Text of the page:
Vol 13, No 1 (2018)

This issue contains five articles, the first two of which constitute a mini-symposium of papers on postwar governance in response to the World Bank Development Report 2017 on Governance and the Law. Patricia Justino notes that even in war there are forms of governance and that these frequently influence feasible forms of postwar governance. Anke Hoeffler makes the case that in the security and violence debate scholars, policymakers, and other interested parties should look beyond collective violence and also begin to address interpersonal violence. In the first of three stand-alone articles, Jamie Levin examines the European origins, later effectively abandoned, of the Israeli-Palestinian economic union. In examining decentralization and learning during warfare, Garrett Wood provides, in the second article, a cautionary tale in regard to the rationalist approach to bargaining theory. Finally, Atin Basuchoudhary and Laura Razzolini examine conditions of rebel group coordination or splintering.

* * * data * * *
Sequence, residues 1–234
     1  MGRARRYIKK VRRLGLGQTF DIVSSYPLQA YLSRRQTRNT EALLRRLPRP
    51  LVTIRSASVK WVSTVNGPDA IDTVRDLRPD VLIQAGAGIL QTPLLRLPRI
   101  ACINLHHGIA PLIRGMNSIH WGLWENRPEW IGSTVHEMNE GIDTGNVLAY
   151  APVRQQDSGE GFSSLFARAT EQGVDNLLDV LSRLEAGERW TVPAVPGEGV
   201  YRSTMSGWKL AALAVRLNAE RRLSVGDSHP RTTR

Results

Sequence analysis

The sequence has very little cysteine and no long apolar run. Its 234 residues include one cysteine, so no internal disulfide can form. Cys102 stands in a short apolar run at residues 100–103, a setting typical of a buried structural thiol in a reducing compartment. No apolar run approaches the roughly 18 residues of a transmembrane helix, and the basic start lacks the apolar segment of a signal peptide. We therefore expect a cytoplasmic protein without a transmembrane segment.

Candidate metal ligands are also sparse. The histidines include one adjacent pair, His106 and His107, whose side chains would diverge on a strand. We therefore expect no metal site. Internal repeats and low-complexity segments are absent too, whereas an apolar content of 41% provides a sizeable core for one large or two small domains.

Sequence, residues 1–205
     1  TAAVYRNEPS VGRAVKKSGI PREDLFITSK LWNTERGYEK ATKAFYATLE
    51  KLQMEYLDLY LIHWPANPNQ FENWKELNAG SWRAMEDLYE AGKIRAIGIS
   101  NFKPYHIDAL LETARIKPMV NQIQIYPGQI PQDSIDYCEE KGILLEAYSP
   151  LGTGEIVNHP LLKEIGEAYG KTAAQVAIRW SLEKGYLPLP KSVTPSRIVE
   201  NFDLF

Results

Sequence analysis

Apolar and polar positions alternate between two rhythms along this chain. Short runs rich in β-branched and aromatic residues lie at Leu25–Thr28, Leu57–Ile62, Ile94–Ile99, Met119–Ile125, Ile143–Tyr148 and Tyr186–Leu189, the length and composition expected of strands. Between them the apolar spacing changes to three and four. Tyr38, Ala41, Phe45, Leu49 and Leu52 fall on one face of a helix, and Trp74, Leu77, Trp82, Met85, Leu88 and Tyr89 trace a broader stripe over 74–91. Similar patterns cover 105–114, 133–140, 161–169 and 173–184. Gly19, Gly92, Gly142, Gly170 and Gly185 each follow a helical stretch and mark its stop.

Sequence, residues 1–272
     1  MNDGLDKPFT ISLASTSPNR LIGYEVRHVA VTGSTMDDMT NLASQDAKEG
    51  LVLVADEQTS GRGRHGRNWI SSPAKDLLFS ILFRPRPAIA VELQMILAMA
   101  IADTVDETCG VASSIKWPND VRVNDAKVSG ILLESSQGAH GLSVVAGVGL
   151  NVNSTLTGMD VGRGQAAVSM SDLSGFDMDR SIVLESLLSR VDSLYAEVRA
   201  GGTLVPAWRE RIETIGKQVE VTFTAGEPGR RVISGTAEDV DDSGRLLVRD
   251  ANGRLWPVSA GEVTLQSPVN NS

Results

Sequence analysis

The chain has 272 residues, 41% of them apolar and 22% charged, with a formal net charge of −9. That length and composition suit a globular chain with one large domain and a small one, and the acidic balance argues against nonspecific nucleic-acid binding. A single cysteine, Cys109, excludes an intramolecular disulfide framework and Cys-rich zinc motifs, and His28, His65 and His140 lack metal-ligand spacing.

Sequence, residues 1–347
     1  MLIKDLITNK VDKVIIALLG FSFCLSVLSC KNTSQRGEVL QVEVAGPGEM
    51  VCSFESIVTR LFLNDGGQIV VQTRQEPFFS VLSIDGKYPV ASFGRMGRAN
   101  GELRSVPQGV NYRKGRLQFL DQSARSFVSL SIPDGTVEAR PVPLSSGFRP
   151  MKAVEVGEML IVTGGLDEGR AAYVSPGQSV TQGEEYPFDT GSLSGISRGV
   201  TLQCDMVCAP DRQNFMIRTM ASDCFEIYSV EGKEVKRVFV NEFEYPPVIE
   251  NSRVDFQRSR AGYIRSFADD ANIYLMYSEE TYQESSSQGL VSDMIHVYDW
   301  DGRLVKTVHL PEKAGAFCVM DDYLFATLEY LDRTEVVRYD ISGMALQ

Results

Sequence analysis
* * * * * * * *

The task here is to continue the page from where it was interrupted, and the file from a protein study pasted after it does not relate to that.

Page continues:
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Table of Contents

Articles

The need to be governed: Governance and violence in conflict contexts
Patricia Justino
Security and development: Shifting the focus to interpersonal violence
Anke Hoeffler
The European origins of the Israeli-Palestinian economic union: A genealogical approach
Jamie Levin
The enemy votes: Weapons improvisation and bargaining failure
Garrett Wood
The evolution of revolution: Is splintering inevitable?
Atin Basuchoudhary, Laura Razzolini